Diagnosed with type 1 diabetes close to her 4th birthday, Lorena Bergstrom is a bright (above 4.0 GPA bright), talented (plays multiple instruments very well), and honest representative of the T1D community. As an incoming student at the University of California, Berkeley, Lorena writes articles for her local JDRF chapter and holds an interest in biotechnology. Along with her incredible achievements, Lorena stood out for her willingness to try new things in her care...something that can be difficult for someone who has had T1D for 50 days or 50 years. Here are some of Lorena's insights from her Every Step Counts Scholarship application. Thank you, Lorena, and congratulations!
What advice would you give to someone who is newly diagnosed?
Throughout my experience with T1D, I have learned that diabetes management is an art rather than a science—that it is impossible to find the answers in numbers and data only. My family spent years seeking a perfect treatment plan solely through insulin calculations and blood-glucose graphs; yet I now realize that while these figures are useful in diabetes management, they cannot tell the complete story. I would ask new T1D patients to view their condition through a broader lens; diabetes defies easy characterization, and often manifests in starkly unpredictable mannerisms. There is no foolproof solution contained entirely in this endless whirlwind of data—rather, it is most essential to understand one’s own body before obsessing over these figures. There is certainly value in numbers, but there is infinitely more value in comprehending one’s own health beyond the multitudes of graphs and tables.
I would also encourage new T1D patients to remain optimistic toward their own capabilities—to avoid viewing themselves as inherently limited in any sense. Diabetes is an undeniable struggle, but it is not a death sentence. Although some activities may require more effort and caution, they ultimately remain possible; diabetes only limits these experiences when one views it as a restriction rather than a condition. There are countless talented T1D individuals in all walks of life—athletic, artistic, and intellectual—who exhibit the resilience and determination necessary to succeed in the face of this disease. I believe Type 1 individuals possess a special, fundamental type of strength that drives them to exceed expectations, inspire others, and establish new standards of excellence.
What do you think is the biggest challenge of managing T1D as a young adult transitioning into fully independent care?
The most challenging part of T1D management is that it must always assume priority over every other aspect of life—and as a student with a busy schedule, it can be frustrating to constantly attend to my health instead of fully engaging in other important activities. As I take more individual control over my own treatment, diabetes becomes a never ending worry in the forefront of my daily routine.
Occasionally, I have to sacrifice my other interests for the sake of my health; this unpleasant reality is the most prominent struggle I face as I adopt more agency over T1D management. On the evening of my first high school marching band performance, I experienced sudden hypoglycemia and realized I could not join my peers on the field; it was immensely frustrating to watch from the sidelines as my classmates performed without me. Because of the long hours, constant physical activity, and unusual schedule associated with marching band, I often struggle to control my blood sugar during practices and competitions—consequently, I have frequently missed valuable rehearsal time as a result of T1D. It is never easy to accept this reality -- that uncontrollable facets of my health may limit my participation in certain events. In similar fashion, diabetes occasionally interferes with academic life, as blood sugar fluctuations can drain my energy and focus at crucial and inopportune moments. Ultimately, this is the most difficult part of T1D care as I gain independence -- accepting that my own health must always transcend all other personal interests.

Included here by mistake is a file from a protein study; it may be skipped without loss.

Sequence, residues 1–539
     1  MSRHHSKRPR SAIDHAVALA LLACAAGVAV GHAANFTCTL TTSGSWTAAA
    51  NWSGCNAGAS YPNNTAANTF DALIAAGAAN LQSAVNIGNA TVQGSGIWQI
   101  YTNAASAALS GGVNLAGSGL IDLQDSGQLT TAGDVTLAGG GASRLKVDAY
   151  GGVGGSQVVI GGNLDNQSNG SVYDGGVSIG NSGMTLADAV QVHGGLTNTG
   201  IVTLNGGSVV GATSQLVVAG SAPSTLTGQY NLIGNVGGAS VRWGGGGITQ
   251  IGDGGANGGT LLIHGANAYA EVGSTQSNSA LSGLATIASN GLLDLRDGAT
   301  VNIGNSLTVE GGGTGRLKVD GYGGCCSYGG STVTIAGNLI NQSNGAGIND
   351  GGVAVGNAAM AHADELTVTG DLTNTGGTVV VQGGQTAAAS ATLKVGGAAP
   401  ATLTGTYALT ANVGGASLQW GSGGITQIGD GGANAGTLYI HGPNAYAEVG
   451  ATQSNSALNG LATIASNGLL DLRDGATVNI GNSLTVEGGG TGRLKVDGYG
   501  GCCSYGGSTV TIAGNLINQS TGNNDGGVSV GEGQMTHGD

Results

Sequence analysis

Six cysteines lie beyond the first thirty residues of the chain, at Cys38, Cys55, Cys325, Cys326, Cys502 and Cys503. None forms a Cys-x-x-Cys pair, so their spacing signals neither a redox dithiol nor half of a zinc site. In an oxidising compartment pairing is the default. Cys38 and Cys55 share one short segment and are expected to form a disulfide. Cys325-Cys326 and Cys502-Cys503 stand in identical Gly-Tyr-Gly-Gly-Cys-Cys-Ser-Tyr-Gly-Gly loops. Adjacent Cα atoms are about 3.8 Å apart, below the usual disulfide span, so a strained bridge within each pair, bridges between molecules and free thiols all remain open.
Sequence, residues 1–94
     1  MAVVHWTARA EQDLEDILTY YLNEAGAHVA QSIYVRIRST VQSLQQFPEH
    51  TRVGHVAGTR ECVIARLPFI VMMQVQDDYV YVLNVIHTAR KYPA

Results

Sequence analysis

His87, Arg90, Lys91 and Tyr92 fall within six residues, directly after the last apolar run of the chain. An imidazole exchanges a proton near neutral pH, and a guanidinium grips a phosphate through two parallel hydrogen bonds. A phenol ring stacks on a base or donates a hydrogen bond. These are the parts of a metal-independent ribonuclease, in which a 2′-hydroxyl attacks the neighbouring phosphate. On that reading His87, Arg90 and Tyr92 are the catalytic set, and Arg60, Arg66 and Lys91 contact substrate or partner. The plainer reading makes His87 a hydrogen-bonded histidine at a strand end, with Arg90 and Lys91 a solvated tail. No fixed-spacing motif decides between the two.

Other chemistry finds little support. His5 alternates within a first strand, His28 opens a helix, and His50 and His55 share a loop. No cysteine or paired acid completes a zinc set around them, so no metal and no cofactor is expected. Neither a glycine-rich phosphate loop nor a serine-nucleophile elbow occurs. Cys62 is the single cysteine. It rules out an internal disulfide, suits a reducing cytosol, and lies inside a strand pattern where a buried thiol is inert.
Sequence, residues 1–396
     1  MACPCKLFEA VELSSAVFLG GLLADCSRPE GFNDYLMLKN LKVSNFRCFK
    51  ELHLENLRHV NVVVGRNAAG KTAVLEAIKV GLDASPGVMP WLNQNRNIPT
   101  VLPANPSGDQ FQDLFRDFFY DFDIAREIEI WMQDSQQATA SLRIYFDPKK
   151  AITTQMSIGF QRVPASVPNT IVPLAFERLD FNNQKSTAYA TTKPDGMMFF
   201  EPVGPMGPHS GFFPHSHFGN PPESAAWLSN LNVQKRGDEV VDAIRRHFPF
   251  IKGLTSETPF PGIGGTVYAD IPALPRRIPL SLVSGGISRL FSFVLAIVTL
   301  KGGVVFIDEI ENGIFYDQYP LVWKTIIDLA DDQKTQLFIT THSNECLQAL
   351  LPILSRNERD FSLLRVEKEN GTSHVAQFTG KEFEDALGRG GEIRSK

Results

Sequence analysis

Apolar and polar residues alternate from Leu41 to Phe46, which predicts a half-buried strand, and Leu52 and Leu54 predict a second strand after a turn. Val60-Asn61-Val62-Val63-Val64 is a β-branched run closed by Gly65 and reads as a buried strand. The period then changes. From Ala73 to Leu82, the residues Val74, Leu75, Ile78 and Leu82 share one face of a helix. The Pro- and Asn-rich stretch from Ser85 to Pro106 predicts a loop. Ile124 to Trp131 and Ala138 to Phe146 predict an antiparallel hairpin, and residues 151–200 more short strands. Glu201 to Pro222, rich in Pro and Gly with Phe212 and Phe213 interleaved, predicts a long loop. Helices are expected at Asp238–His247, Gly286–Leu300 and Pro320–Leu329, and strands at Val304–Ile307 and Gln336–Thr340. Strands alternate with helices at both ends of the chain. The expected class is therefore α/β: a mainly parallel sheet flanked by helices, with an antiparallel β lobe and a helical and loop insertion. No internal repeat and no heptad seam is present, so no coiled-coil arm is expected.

Nobody is in range 100% of the time. What steps have you taken in the past to improve your T1D care? What do you do particularly well in your care and how can you improve? What steps will you take?
The most significant step I have taken to improve my T1D care was (strangely enough) giving up the insulin pump and starting manual injections again. About a year and a half ago, my blood sugars were strangely high on a fairly regular basis; I kept adjusting my insulin pump ratios until they reached absurdly high levels, but nothing seemed to work. Finally, after a visit to the hospital, the doctors realized that I had a large buildup of scar tissue in virtually all of my infusion sites—the insulin couldn’t efficiently reach my body from the pump. I switched to manual injections and noticed an immediate difference; to this day, I still use insulin shots, and my blood sugars have greatly improved. It seems counterintuitive—and it was quite daunting to return to a treatment method I hadn’t used in nearly 10 years—but this decision has greatly improved my health within the past year. In the long run, I hope to eventually return to the insulin pump, but in the meantime I am working to effectively manage T1D through injections. I am proud of my capacity to recognize what is best for my body, even when it seems difficult and unfamiliar. I also started a CGM about a week ago, and have already noticed a distinct positive impact—I have a tendency to over-check blood sugar to the point that it negatively affects my daily routine, and I believe this device will help me feel comfortable without constantly taking a blood test. The CGM will be a useful tool as I attend college and become increasingly independent in my T1D management.